Whether your news organization is looking to create its first product management role, or add to an existing product team, finding and recruiting the right person can be difficult.
For one, it is a field like developers that is in high demand, including from technology startups and large corporations who may offer a higher salary than you. For another, there are few people with direct experience in both product management and news.
So you’ll need to anticipate what kinds of people would be a good fit, even if they haven’t done the exact job before. The people at our summit offered some guidance on what to look for.
Find people who at their core have empathy for customers / users. A journalist who thinks the public is a mass of bumbling fools might not be a great fit as your next product manager. However, someone who is already excited about involving and serving your readers or viewers in new ways probably has the right mindset to become a product manager who studies those users’ needs.
Look for culture “add” not culture “fit.” Recruiting pools and finalist candidates often exhibit lack of diversity. One culprit is that managers enter the recruiting process looking for “culture fit” — someone who will think like and act like the rest of the team. This naturally leads to hiring people who tend to also look like and come from the same socioeconomic backgrounds as your existing team. Instead, look for “culture add” in your candidates — the traits, experiences and skills that are exciting because they’re not present in your current team.
Effective product managers often need to wield influence without authority.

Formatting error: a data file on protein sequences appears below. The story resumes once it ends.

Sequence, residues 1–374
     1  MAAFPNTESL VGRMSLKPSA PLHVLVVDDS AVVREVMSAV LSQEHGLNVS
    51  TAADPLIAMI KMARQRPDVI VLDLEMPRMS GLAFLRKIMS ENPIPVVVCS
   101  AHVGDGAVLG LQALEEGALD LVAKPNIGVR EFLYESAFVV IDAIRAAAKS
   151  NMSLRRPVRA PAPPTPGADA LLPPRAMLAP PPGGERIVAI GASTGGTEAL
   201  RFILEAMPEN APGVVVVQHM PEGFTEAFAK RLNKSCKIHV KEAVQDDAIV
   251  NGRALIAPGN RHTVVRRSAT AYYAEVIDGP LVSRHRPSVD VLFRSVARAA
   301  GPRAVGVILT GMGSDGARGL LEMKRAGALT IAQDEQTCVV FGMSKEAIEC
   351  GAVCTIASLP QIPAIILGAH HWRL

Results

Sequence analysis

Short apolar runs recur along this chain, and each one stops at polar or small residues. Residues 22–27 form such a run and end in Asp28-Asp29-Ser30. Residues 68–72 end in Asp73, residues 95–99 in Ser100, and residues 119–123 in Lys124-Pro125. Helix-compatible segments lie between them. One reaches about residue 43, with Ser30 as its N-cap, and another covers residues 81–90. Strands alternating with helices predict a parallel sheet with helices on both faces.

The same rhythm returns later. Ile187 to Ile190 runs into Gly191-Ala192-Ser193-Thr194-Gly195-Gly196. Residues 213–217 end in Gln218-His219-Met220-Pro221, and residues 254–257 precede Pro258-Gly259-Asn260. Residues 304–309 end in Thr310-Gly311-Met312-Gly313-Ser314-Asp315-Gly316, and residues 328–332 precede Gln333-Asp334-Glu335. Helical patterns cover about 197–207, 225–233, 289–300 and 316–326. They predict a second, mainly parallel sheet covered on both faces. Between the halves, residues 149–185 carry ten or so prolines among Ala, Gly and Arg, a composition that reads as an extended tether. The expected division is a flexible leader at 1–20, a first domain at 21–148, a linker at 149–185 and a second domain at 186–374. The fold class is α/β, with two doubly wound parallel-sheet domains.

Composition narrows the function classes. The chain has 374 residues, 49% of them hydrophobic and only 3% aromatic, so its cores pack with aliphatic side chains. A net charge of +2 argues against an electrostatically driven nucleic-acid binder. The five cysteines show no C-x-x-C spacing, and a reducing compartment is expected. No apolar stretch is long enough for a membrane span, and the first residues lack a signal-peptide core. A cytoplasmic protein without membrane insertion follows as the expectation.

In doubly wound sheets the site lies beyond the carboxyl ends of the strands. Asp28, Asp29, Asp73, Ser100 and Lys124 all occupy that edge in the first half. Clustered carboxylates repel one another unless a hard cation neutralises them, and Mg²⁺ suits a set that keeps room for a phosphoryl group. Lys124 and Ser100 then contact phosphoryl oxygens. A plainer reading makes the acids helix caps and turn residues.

Identify the “connectors” who naturally build relationships across the organization. A lot of being a product manager is about aligning and persuading people in different parts of the organization. For this reason, product managers are sometimes described as “mini CEOs” — with broad responsibility for their narrow product. But they’re not actually CEOs, so effective product managers often need to wield influence without authority.
Find someone who handles conflict well. The product manager’s job is rooted in conflict, notes Lauren Rabaino, director of editorial products at Vox Media, so you need someone who can handle that diplomatically and get to resolutions. Laura Cochran, user experience lead at Conde Nast, said product managers need to be “the ultimate negotiator.”
Listening is important. Product managers need to really hear both what people say and what they mean, and make them feel they’ve been heard. Look for people who are able to listen carefully, withhold their own judgment (at least temporarily), and clearly capture and express other people’s viewpoints.